The Federal Reserve on Wednesday raised interest rates by three quarters of a percentage point, matching last month’s unusually large increase and punctuating one of the most aggressive monetary tightening campaigns in the central bank’s history.
The unanimous decision pushed the federal funds rate to a range of 2.25%-2.50%, levels consistent with what Fed policymakers have said they consider “neutral” – neither stimulative nor restrictive.
“Recent indicators of spending and production have softened,” the FOMC said in its post-meeting statement. “Nonetheless, job gains have been robust in recent months, and the unemployment rate has remained low.”
The FOMC reiterated its guidance that “ongoing increases in the target range will be appropriate” and continued to characterize inflation as remaining elevated.
A surge in the CPI to another four-decade peak of 9.1% in the year to June raised concern that inflation pressures may be getting further out of the Fed’s control.
“The committee is highly attentive to inflation risks,” the FOMC said.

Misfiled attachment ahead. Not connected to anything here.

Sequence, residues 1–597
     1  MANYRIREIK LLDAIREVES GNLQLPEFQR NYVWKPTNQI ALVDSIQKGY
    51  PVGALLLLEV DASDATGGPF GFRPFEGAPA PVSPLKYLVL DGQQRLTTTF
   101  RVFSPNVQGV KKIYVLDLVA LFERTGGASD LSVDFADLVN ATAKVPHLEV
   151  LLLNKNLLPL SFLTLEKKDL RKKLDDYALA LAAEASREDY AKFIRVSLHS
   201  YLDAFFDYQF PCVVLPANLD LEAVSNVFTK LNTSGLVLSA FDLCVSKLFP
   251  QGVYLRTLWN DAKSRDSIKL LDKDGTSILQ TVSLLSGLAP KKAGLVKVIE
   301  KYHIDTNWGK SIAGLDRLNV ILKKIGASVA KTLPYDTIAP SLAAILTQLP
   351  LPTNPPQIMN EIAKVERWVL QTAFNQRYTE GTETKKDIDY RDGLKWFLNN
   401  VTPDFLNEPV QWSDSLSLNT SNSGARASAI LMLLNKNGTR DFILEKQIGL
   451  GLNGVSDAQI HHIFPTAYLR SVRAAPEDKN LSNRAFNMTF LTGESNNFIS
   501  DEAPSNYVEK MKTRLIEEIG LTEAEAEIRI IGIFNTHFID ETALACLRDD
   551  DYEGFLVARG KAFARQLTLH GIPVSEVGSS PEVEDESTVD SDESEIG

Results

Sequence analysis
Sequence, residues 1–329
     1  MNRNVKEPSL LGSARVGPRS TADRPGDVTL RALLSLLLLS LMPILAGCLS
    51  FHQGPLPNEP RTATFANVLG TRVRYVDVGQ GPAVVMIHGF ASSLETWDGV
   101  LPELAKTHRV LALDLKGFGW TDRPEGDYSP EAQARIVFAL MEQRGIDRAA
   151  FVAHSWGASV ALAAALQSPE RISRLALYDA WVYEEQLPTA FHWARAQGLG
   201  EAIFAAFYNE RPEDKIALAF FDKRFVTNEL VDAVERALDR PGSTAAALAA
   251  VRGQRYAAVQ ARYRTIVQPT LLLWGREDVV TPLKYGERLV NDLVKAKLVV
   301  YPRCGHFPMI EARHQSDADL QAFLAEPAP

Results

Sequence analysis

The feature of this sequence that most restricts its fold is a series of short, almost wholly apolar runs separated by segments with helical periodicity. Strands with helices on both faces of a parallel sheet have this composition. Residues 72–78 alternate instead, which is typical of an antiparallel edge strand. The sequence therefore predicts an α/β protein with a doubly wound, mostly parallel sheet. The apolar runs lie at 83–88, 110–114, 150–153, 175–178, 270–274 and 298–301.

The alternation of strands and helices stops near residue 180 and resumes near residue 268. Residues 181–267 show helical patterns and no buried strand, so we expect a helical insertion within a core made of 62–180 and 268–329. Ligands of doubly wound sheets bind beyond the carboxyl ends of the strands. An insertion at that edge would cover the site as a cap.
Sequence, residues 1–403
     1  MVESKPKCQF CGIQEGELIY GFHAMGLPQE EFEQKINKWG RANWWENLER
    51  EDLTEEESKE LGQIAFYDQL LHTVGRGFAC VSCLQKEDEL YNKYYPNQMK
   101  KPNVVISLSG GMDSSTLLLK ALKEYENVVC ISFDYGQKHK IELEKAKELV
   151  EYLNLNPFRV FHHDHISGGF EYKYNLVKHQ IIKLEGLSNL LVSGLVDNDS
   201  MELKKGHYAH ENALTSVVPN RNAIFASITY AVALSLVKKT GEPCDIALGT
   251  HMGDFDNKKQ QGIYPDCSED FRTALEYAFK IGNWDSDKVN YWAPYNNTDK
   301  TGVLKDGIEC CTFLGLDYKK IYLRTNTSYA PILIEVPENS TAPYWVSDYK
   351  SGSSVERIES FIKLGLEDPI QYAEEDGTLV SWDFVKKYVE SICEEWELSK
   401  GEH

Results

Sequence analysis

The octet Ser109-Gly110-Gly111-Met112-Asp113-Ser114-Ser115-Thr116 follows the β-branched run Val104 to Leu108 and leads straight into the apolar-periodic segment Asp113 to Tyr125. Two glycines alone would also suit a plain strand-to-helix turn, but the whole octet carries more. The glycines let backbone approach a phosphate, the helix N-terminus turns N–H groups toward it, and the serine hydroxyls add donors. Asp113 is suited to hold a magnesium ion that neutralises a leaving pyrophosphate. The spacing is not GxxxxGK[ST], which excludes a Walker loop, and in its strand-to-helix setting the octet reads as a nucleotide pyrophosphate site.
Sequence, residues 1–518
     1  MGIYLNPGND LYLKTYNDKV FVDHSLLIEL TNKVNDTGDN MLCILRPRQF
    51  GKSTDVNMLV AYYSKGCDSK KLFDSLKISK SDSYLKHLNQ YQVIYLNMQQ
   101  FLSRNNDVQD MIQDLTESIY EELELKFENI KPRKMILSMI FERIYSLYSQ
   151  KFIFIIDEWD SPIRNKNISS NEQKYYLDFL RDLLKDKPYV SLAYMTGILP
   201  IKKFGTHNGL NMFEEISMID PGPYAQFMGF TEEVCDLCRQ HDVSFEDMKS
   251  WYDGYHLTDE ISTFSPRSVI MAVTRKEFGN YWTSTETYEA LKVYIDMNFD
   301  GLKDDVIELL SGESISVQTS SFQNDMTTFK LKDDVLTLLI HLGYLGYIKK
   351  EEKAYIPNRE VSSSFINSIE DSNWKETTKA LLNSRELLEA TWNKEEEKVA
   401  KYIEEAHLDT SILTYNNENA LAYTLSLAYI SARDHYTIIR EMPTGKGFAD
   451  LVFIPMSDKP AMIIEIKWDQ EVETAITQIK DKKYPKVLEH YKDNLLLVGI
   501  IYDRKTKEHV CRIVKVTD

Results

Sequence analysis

At the same time, a drop in the University of Michigan consumer inflation expectations over a five- to ten-year horizon alleviated concerns that longer-run inflation expectations, central to the Fed’s rate-setting strategy, were starting to drift higher.
Financial markets have begun pulling back some of their own projections for how high interest rates will need to go given a plunge in commodity prices, falling inflation expectations, and increasing fears about a possible recession.
The Fed's June Summary of Economic Projections signaled a median terminal rate of 3.8% in 2023, but markets don't think fed funds will climb past 3.3%.
Fed Chair Jerome Powell has previously said the Fed needs to raise interest rates to “moderately restrictive” levels and minutes from the June FOMC meeting indicate widespread agreement on that point.